Hackers Target State Organizations With The Open-Source Merlin Tool

Tyler Cross
Tyler Cross Senior Writer
Tyler Cross Tyler Cross Senior Writer

Ukraine is warning about a new wave of cyberattacks making use of the Merlin open-source tool to perform operations on the compromised networks of various state organizations.

Merlin is a tool used by cybersecurity experts in red team exercises — which is when experts attempt to find vulnerabilities by attacking software so that it can be fixed or patched before criminals take advantage.

It’s available for free on Github, being Go-based and open-source. Like with the Sliver toolkit last year, this software, which was normally used to strengthen cybersecurity, was misappropriated and used to perform lateral movements and attacks within these networks.

As of now, the hackers haven’t been found — due to the open-nature source of the virus, finding a specific origin for the attack is difficult. It could theoretically be from anyone using the software.

The hack began with a phishing email campaign, with hackers posing as officials in the agency using the ert-ua@ukr[.]net email address. The email encourages victims to open a file.

“Opening the mentioned CHM file will execute JavaScript code,” explains Ukraine’s Computer Emergency Response Team (CERT). “Which, in turn, will ensure the launch of a PowerShell script designed to load, decrypt and decompress the GZIP archive “ctlhost.exe.tmp”, which contains the executable file “ctlhost.exe”.”

After executing this file, the victim’s system will be subtly damaged by the Merlin open-source tool and allow the hackers to make further attacks or make lateral movements within your network.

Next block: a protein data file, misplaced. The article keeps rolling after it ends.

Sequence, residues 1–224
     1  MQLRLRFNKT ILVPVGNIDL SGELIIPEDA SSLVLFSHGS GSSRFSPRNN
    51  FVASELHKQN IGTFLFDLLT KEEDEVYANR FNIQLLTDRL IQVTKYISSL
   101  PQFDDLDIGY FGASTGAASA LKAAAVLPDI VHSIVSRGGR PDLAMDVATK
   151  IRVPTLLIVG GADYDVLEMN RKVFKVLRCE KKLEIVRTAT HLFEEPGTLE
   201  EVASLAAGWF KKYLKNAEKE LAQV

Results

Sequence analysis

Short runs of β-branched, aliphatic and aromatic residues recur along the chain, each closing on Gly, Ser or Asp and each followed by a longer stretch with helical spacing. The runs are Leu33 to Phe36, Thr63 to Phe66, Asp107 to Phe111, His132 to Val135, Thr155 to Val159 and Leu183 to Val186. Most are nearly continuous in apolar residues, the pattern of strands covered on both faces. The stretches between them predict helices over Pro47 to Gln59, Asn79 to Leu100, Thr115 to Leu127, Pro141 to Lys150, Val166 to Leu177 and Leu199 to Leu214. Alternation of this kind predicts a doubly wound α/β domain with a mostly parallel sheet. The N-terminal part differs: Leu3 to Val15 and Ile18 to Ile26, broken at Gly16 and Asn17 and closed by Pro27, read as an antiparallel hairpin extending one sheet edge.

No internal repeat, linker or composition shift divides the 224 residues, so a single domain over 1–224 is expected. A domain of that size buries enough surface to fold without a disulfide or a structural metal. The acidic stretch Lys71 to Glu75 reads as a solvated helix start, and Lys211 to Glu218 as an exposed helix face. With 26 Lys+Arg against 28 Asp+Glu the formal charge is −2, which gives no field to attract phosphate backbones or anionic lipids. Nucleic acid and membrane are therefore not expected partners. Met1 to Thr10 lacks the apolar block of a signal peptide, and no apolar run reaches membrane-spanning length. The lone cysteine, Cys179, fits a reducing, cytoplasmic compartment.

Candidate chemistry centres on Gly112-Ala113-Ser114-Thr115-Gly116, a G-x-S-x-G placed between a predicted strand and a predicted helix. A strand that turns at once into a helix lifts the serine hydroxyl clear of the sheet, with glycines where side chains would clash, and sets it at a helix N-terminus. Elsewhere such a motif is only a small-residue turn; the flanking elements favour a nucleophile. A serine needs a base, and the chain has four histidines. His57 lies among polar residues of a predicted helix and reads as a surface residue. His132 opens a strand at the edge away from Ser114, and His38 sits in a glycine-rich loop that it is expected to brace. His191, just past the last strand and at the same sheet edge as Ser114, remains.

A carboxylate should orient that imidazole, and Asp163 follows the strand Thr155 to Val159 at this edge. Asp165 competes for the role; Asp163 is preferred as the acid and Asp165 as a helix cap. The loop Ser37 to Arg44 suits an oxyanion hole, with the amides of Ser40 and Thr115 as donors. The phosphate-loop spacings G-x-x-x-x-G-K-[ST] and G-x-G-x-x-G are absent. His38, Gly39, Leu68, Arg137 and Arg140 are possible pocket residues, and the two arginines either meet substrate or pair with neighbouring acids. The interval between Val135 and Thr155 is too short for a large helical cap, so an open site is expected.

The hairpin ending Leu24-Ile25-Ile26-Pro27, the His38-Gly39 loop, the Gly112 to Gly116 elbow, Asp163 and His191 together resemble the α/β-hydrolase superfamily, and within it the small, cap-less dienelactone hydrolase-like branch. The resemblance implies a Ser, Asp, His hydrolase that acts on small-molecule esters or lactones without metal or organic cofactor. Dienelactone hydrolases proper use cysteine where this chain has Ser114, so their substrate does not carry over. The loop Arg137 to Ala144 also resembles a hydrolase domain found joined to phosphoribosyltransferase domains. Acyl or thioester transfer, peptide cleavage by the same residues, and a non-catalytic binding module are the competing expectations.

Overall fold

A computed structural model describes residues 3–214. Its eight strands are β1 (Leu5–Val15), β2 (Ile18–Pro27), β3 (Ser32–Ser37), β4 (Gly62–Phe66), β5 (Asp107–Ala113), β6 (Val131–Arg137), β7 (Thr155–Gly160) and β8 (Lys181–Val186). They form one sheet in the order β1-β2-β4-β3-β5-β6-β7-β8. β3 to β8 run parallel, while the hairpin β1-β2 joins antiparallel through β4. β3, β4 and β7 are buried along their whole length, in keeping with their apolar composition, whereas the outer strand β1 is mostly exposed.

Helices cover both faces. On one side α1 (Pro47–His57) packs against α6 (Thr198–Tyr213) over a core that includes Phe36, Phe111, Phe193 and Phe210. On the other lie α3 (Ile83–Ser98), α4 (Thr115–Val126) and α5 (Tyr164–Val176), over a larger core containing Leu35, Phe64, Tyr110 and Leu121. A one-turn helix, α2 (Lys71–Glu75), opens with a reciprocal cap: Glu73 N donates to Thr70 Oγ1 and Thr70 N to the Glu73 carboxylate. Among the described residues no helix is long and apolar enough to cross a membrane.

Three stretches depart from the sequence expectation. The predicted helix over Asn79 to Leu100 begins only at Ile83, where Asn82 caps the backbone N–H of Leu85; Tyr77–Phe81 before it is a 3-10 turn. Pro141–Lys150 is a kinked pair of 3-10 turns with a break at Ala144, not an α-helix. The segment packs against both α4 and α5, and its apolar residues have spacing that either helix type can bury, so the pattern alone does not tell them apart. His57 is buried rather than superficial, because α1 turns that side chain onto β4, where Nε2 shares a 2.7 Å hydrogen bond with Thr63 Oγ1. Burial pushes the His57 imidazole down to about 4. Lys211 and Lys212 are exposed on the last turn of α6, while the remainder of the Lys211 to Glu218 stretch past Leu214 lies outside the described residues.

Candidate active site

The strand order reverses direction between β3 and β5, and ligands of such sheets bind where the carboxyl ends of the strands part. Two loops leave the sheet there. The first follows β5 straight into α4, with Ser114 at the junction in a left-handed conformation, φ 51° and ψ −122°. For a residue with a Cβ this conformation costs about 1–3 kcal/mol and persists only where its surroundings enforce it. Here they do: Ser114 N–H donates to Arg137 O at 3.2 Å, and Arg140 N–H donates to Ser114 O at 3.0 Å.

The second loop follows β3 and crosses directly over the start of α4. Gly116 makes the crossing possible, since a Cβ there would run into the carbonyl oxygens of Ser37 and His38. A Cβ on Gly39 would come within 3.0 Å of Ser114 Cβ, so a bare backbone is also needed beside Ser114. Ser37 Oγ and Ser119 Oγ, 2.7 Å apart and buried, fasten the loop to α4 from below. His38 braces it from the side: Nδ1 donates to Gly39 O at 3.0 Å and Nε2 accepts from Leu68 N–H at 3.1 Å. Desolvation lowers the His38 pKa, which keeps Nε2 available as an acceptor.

Essentially, this threat works a lot like traditional social engineering scams, which while common, have proven to still be an effective means of infiltrating networks.

Ukraine and its international partners are continuing to monitor the situation and remind users to take their cyber security seriously and be vigilant when watching for email phishing scams. Always verify the sender before downloading any attachments or files.

About the Author
Tyler Cross
Tyler Cross
Senior Writer

About the Author

Tyler is a writer at SafetyDetectives with a passion for researching all things tech and cybersecurity. Prior to joining the SafetyDetectives team, he worked with cybersecurity products hands-on for more than five years, including password managers, antiviruses, and VPNs and learned everything about their use cases and function. When he isn't working as a "SafetyDetective", he enjoys studying history, researching investment opportunities, writing novels, and playing Dungeons and Dragons with friends."

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